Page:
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Appetite during the second and third trimesters mediates the impact of prenatal environmental tobacco smoke exposure on symmetric full-term low birth weight.

Authors
  • Huang, Lihua1
  • Tian, Fu-Ying1
  • Fan, Lijun1
  • He, Yan-Hui1
  • Peng, Ding1
  • Xie, Chuanbo1
  • Tao, Liu1
  • Yuan, Shi-Xin2
  • Jia, De-Qin3
  • Chen, Wei-Qing1, 4
Type
Published Article
Journal
The Journal of Maternal-Fetal & Neonatal Medicine
Publisher
Informa UK (Taylor & Francis)
Publication Date
Apr 30, 2020
Volume
33
Issue
9
Pages
1544–1553
Identifiers
DOI: 10.1080/14767058.2018.1522299
PMID: 30198354
Source
Medline
Keywords
Language
English
License
Unknown

Abstract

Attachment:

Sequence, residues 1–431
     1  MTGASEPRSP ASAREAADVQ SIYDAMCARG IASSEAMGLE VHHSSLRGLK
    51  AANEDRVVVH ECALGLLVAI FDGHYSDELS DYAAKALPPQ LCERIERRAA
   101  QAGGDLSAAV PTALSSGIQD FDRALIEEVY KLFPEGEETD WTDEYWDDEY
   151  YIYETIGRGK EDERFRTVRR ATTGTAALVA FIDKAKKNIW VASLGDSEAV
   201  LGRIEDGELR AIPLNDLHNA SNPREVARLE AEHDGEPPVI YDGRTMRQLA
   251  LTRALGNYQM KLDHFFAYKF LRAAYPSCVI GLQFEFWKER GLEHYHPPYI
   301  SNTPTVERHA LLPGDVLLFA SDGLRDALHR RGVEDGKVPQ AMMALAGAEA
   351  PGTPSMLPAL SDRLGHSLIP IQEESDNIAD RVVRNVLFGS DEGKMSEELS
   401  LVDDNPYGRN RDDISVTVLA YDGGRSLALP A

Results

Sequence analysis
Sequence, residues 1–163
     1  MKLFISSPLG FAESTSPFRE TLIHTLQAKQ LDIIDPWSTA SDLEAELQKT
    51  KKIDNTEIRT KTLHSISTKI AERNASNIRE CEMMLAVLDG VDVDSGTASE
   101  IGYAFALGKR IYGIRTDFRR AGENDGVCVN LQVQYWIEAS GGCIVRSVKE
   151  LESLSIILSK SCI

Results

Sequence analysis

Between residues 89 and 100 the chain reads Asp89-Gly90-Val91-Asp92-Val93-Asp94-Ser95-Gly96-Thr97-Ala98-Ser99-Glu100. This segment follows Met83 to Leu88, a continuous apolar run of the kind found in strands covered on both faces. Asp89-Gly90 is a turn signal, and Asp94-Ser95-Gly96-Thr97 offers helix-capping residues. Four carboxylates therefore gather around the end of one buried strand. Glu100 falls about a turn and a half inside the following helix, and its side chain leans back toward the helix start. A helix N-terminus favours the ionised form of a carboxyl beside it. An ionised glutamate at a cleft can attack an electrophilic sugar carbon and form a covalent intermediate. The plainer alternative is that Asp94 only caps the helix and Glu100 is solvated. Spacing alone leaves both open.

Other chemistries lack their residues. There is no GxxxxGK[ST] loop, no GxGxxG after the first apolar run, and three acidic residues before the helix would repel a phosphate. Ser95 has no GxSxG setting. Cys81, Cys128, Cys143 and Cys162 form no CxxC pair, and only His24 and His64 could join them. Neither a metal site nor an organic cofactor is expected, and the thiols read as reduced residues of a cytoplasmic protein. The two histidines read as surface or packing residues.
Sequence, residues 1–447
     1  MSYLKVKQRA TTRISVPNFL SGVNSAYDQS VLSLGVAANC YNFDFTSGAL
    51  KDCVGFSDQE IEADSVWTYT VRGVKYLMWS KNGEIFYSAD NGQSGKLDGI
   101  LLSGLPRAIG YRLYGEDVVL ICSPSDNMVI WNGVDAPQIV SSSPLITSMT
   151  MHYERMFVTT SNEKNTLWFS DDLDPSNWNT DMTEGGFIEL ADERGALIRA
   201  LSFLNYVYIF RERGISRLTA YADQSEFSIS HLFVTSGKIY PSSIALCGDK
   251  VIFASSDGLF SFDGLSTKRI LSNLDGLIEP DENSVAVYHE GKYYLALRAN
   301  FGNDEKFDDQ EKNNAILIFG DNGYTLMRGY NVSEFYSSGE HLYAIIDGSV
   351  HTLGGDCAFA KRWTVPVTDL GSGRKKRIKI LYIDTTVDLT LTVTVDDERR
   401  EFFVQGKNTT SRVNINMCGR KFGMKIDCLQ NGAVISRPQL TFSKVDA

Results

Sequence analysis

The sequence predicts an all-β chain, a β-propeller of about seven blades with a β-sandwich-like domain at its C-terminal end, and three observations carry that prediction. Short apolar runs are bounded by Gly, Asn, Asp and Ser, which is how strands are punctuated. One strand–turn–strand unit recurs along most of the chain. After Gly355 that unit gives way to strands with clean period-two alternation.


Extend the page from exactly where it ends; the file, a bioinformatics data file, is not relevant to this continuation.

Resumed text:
Objective: To examine the relationship of prenatal environmental tobacco smoke (ETS) exposure and full-term low birth weight (FT-LBW) when taking anthropometric proportionality into consideration, and explore whether appetite mediates their association.Study design: We conducted a case-control study among pregnant women at two Women and Children's Hospitals in Guangdong, China. Information was collected through interview and medical records review. A series of logistic and linear regressions were used to examine the relationships of prenatal ETS exposure, appetite, and FT-LBW.Results: After adjusting for the potential confounders, prenatal ETS exposure was significantly negatively associated with FT-LBW (OR: 1.83, 95%CI: 1.35-2.48) and negatively correlated with maternal appetite in second and third trimester during pregnancy (β: -0.11, standard error: 0.03). Moreover, mediation analysis illustrated that maternal appetite partially mediated 12.00% of their relationship. However, subgroup analysis showed that prenatal ETS exposure was linked to higher risk of symmetric FT-LBW (OR: 2.26, 95%CI: 1.56-3.26) but not asymmetric FT-LBW. And maternal appetite explained only 6.45% of their relationship.Conclusions: Maternal prenatal ETS exposure increased risk of having symmetric FT-LBW infant, and appetite might mediate their relationship partially. This study emphasizes the importance of sample homogeneity and stresses the needs to improve the public awareness of the harmful effects of ETS.

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